ASH Daily News 3 October 2017
- Sheffield: Mum urges pregnant women to ditch the cigarettes as hospital becomes smokefree site
- Smoking safety reminder after fire at Tottenham flat
- How exercise can help you stop smoking
- Australia: Philanthropist Andrew Forrest calls for tobacco ban for under-21s
- Australia: Why we should pay people to stop smoking
- USA: Switching to e-cigarettes could save 6.6 million American smokers
- USA: How investing in public health could cure many health care problems
Sheffield: Mum urges pregnant women to ditch the cigarettes as hospital becomes smokefree site
Sarah Bembridge quit smoking while pregnant earlier in the year and is now encouraging others to join her to mark the Jessop Wing hospital becoming a totally smokefree site.
Jessop Wing is the first of the five hospitals within Sheffield Teaching Hospitals NHS Foundation Trust to ban smoking anywhere in their grounds. This means smoking shelters have been removed and staff may ask anyone seen smoking to put out their cigarettes.
Source: The Star, 2 October 2017
Smoking safety reminder after fire at Tottenham flat
Firefighters have issued a reminder about safely disposing of cigarettes and other smoking materials after a fire at a flat in Grovelands Road in Tottenham. The cause of the fire is believed to be due to the disposal of cigarettes into a timber planter outside of the affected flat.
A London Fire Brigade spokesperson said: “If you’re a smoker it’s absolutely vital you ensure your cigarette is completely out when you’ve finished smoking it.”
Source: Parikiaki, 2 October 2017
How exercise can help you stop smoking
Scott Laidler, a film industry personal trainer from London, writes an ep-ed offering advice on how exercise can help smoking cessation:
“As smokers try to stub out their habit for Stoptober, all stand a better chance of success if you combine quitting with exercise. Exercise helps your body to adapt to its new state of affairs. As your body recovers and then improves, you should find you enjoy both exercise and healthy eating a lot more. The habits become easier to maintain.”
Source: The Telegraph, 2 October 2017
Australia: Philanthropist Andrew Forrest calls for tobacco ban for under-21s
An Australian billionaire philanthropist is urging Canberra to raise the age at which young people can buy tobacco from 18 to 21.
Andrew Forrest believes that such a move would reduce the smoking rate by 12 per cent and cut the number of deaths by tobacco by a tenth by 2020.
The campaign is part of the Eliminate Cancer initiative in which he plans to sue the tobacco industry.
Source: The Times, 2 October 2017
Australia: Why we should pay people to stop smoking
In an op-ed, Mai Frandsen from the University of Tasmania discusses why financial incentive programs should be prioritised for smoking cessation:
“One evidence-based approach that has not received much attention in Australia is using financial incentives. Incentives programs reward quitters for not smoking by giving them a monetary voucher. The quitter’s abstinence is verified using biochemical tests of either their saliva, urine or breath.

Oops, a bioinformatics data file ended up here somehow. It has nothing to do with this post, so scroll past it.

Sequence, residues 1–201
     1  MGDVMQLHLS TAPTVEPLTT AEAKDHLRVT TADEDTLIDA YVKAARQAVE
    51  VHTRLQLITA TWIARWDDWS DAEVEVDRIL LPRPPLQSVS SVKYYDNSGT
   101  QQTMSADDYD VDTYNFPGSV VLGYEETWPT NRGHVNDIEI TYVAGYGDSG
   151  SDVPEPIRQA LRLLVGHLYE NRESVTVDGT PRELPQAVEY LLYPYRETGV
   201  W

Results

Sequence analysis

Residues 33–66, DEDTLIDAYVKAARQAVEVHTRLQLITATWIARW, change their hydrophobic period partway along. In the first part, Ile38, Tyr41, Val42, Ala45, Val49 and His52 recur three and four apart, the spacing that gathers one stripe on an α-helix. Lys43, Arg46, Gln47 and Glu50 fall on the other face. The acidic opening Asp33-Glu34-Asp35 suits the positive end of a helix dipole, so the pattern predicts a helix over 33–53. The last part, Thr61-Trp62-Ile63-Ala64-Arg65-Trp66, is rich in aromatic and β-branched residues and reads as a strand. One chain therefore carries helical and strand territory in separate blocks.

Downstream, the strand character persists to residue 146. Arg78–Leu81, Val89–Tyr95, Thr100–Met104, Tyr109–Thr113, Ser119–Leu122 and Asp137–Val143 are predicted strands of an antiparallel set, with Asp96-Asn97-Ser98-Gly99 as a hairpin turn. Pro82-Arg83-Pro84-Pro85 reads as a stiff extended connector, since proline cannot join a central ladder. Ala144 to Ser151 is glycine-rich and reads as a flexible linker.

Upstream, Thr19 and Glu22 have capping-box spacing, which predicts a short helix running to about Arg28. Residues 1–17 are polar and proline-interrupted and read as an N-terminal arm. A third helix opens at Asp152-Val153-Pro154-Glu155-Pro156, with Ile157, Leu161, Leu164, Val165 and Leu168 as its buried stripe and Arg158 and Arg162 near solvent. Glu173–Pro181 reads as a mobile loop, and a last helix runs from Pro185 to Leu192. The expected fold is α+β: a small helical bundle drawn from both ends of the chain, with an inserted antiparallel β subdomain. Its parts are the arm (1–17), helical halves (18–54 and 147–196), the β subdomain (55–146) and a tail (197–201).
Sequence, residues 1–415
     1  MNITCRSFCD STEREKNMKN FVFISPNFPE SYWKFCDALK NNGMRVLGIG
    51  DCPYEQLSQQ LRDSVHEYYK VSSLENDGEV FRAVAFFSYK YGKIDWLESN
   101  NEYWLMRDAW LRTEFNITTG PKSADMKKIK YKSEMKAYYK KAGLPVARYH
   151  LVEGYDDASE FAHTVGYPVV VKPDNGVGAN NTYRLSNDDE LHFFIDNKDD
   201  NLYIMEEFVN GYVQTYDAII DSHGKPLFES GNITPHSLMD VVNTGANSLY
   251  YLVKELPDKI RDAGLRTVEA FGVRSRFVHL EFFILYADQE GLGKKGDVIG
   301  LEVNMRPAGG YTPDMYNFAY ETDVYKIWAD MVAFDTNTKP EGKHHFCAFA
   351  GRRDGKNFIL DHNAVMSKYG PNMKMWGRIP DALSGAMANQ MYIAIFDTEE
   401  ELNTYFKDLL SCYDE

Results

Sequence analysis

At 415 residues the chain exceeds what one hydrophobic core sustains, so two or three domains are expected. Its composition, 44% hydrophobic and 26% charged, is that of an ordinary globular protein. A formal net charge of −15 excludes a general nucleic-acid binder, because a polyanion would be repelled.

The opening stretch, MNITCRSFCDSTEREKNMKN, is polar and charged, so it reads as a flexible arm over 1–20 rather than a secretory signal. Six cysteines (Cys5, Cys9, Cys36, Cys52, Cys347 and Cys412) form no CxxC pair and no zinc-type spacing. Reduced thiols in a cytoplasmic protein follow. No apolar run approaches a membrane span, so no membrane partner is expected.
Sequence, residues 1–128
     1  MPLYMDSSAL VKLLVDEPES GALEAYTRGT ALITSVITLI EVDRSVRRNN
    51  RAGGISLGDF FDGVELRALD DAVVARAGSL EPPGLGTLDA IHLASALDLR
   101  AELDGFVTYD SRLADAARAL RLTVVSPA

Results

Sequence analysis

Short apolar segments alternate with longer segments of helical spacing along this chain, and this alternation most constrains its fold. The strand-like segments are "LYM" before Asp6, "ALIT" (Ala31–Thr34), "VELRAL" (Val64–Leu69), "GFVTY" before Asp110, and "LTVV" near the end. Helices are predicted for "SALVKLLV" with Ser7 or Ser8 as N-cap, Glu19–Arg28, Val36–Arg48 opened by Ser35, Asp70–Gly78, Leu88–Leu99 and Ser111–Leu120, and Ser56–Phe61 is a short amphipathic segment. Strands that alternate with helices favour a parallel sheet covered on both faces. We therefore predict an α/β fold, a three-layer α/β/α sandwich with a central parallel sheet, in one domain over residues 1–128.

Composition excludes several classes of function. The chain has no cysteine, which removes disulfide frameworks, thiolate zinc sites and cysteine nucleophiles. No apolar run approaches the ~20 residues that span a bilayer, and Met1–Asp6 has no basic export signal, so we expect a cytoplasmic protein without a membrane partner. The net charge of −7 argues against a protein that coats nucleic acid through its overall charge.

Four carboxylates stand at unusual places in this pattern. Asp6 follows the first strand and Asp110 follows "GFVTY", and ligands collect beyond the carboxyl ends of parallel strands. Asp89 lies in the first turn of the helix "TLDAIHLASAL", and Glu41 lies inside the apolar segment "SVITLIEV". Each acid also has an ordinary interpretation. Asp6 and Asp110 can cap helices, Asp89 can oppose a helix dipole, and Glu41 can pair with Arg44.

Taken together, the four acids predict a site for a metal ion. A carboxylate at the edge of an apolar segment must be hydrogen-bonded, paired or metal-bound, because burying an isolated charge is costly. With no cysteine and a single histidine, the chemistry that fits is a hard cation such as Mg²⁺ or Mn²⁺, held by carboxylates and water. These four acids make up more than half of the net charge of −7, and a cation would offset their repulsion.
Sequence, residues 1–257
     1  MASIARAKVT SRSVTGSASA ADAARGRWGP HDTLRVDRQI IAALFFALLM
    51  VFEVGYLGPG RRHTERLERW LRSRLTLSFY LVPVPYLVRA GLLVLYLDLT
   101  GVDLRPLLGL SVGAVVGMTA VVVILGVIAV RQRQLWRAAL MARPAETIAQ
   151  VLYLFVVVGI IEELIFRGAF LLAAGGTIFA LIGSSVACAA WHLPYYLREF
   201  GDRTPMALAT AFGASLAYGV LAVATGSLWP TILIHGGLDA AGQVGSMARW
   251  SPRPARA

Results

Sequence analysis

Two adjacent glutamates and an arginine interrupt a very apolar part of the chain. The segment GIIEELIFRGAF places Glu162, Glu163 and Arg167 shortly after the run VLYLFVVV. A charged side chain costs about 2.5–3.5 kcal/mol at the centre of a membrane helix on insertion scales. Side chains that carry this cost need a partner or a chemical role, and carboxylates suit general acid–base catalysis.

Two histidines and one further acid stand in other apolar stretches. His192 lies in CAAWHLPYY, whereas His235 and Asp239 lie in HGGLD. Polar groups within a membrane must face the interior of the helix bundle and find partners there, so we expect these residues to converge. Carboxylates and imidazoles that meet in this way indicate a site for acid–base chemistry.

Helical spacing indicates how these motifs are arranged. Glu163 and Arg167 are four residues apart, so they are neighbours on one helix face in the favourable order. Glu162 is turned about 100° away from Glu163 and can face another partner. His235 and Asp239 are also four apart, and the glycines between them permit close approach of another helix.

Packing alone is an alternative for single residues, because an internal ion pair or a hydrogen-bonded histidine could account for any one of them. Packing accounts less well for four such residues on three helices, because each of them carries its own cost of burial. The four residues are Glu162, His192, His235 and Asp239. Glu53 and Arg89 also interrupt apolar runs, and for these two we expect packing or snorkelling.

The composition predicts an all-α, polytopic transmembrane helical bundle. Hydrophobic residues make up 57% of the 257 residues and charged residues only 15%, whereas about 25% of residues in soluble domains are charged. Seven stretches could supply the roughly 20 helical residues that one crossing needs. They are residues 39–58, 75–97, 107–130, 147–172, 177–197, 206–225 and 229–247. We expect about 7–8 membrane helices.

“Financial incentive programs are considered the most effective strategy for pregnant smokers. They are also cost effective, with the calculated net benefit being around A$4,300 per smoker, per attempt to quit.”
Source: Medical Xpress, 2 October 2017
USA: Switching to e-cigarettes could save 6.6 million American smokers
Up to 6.6 million early deaths in America might be averted over 10 years if smokers switched to e-cigarettes, researchers said on Monday.
In an analysis of potential health benefits of getting smokers to quit tobacco, the researchers found that those 6.6 million people who switched to vaping would live for a collective total of up to 86.7 million extra years.
Tobacco Control: Potential deaths averted in USA by replacing cigarettes with e-cigarettes
Source: Reuters, 2 October 2017
USA: How investing in public health could cure many health care problems
Linda P. Fried, the Dean of Columbia University’s Mailman School of Public Health, writes an op-ed discussing public health investing:
“Despite advances in medicine, U.S. health care spending grew to US$3.2 trillion in 2015, or 17.8% of the nation’s gross domestic product. To contain health care costs, the U.S. needs to invest in strengthening the public health system and reconsider approaches to making all Americans healthier.
“Efforts at smoking cessation should also be increased. The total economic cost of smoking in the United States is more than $300 billion a year in direct medical care and lost productivity.”
Source: Medical Xpress, 2 October 2017
ASH Daily News comprises digests of published news on smoking-related topics. ASH is not responsible for the content of external websites. ASH does not necessarily endorse the material contained in this bulletin.